And sometime around 5:30 in the morning, I’ll be sitting on the family room floor stretching out my muscles and getting ready to workout so that by 6, I’ll be in the shower and by 6:10 I’ll be joyfully and peacefully greeting my early-rising son having already taken care of the most important matter of the day: myself.
My health, my peace of mind, my inner joy… these are the resources I need to have available to me in order to get through the craziness of life without losing my mind.
I’ve blogged before about life with chronic illness, but the truth of it is that for me, mornings are my friend. By mid-afternoon, my body’s ill health catches up with me and I am no longer the peaceful, happy woman who can cope with anything life throws at her.
And I do deserve to be happy and at peace with my life and capable of coping with anything life throws at me, at least after a few minutes of heartfelt swearing.
So do you.
Life doesn’t have to be perfect or even in control to be really damn good. It just has to have more good moments than bad ones.
Living with chronic illness, sometimes I’ll even take a “it didn’t totally suck today” sort of day and call it really awesome because there was that one moment that lasted 19 seconds that was actually pretty good. To do anything else is to admit that life as a chronically ill person is really totally suck-worthy and energy draining and depressingly depressing all the time and it will continue to be so for… oh, like… forever.
I suppose you could see it that way. But I tend to think of it as being a choice. A choice to not live a life consumed by misery and suffering. A choice to not define myself and my life by the pain I feel and the exhaustion and depression that inevitably come with it.
I choose to life a life of wonder and joy.
I tried living a life where I focus on trying to make my reality fit my wishes by pushing hard and working harder and not stopping until I was falling apart at the seams every single day trying to be what I was no longer. It only served to reinforce how much of my life has had to change since becoming ill. How much I have lost. How much I can no longer do.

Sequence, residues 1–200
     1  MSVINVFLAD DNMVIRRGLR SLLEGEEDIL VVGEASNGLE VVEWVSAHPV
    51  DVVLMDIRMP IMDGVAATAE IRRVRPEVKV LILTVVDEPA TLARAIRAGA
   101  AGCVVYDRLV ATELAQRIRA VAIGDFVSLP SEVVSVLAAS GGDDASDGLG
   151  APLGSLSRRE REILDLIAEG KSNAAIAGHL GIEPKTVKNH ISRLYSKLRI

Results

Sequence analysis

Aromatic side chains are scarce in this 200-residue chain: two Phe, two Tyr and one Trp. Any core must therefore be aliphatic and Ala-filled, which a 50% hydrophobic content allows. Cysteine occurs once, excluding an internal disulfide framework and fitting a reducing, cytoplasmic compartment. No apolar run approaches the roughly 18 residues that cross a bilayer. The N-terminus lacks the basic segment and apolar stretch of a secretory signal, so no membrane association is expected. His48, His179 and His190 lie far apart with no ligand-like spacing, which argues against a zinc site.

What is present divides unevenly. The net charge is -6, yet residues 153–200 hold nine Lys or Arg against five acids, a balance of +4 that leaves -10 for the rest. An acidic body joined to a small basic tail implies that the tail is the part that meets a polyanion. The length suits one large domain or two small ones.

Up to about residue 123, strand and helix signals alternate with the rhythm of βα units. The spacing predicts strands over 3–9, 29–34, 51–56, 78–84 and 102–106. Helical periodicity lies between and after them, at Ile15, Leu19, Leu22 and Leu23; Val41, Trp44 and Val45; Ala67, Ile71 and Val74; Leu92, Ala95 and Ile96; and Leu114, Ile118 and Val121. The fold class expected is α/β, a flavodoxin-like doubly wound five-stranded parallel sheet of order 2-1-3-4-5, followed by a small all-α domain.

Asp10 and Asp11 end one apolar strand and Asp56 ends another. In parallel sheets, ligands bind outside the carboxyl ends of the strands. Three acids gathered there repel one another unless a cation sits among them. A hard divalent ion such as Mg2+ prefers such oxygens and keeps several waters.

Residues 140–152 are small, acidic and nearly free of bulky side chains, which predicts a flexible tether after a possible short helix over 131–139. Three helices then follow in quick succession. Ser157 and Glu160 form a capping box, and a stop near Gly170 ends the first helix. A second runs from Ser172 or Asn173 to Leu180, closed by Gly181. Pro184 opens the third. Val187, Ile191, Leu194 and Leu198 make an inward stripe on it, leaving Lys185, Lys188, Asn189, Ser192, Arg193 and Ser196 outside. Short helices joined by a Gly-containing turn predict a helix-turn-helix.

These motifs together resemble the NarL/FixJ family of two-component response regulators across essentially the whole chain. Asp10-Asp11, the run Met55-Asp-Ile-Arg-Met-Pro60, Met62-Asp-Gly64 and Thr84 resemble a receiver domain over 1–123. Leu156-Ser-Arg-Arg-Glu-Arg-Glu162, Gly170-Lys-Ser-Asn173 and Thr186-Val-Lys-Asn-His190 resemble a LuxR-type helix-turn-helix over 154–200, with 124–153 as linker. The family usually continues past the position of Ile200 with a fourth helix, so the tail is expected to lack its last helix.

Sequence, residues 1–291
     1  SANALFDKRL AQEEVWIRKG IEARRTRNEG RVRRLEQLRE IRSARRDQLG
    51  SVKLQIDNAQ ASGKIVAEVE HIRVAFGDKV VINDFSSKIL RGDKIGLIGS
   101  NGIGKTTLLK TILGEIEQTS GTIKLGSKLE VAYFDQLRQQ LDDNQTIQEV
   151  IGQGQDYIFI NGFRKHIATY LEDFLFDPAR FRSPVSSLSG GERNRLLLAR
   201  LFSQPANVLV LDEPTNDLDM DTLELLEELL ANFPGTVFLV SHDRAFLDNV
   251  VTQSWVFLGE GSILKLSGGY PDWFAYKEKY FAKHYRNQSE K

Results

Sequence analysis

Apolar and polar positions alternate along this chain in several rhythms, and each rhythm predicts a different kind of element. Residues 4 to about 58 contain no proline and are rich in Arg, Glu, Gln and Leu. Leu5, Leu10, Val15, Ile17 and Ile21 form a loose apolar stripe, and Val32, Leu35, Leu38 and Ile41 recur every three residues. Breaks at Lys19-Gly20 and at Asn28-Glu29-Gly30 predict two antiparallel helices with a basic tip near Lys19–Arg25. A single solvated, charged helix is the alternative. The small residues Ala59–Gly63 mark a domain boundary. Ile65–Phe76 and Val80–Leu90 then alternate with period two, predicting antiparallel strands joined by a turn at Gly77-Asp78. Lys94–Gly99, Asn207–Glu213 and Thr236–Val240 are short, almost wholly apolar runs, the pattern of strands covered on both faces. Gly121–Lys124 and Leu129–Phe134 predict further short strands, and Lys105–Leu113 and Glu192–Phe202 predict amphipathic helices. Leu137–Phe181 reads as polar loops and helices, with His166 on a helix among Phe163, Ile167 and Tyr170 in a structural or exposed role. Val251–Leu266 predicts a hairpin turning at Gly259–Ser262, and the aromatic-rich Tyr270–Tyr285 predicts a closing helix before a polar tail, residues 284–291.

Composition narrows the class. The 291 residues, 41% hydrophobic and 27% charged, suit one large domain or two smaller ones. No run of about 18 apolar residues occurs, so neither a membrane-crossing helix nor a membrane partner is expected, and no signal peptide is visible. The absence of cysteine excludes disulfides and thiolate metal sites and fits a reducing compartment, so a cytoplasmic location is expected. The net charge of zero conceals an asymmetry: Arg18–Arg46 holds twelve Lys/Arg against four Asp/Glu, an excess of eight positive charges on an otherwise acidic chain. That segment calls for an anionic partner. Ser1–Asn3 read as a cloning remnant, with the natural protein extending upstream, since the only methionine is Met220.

So no, thank you. I refuse.
I refuse to let my life be shaped by all the miserable, exhausting, painful moments. I do my best to accommodate my body’s limitations, but I refuse to dwell on them. I choose, instead, to life a life full of many small moments of peace and joy and laughter and love.
Right now, our family rhythm is rather busier than I can easily cope with and we have all been feeling the strain. If Mama ain’t happy, ain’t nobody happy is something I’ve heard said and it is, to a large extent, true. When Mama can’t keep it together for herself, she definitely can’t keep it together with the family.
So it is time, I have decided, for this Mama to put herself first again. To reorder things a bit so that mornings are first and foremost designed to keep Mama healthy and energized, and secondly a happy revelry of books and muffins and bread baking and together-in-joy making.
Plus it will give me time to get dinner in the crockpot before the day gets too advanced and we find ourselves scrounging through the refrigerator hoping someone did the grocery shopping and wondering why we only have 2 chicken balls and 3 spoonfuls of beef with broccoli left over from the Chinese take-out 2 nights ago… until we remember we ate Chinese leftovers last night before lessons and that the person who does the shopping is me and I didn’t, so yes, we really are having 2 chicken balls and 3 spoonfuls of beef with broccoli plus grilled cheese sandwiches because really, don’t grilled cheese sandwiches go with everything?
Tomorrow, at 5:30 in the morning, I’ll be wondering why the sun isn’t up and if I am not really just certifiably insane and if I’m the only person on the planet who is awake at such an ungodly hour… and it will be good.
Just don’t ask The Man We Call Dad what he thinks of this plan. He thinks I’m certifiable, I’m sure.
He might be right.
But I don’t care, because I’m gonna be happy.
How do I know?
Because I’m at peace with it. I’m choosing to be happy. And I mean it.
(Just don’t ask me how I’m feeling at 5:30 tomorrow morning. I’m not sure I’ll be awake enough to remember how happy about getting up at oh-god-it’s-dark-out-30 I’ve decided to be.)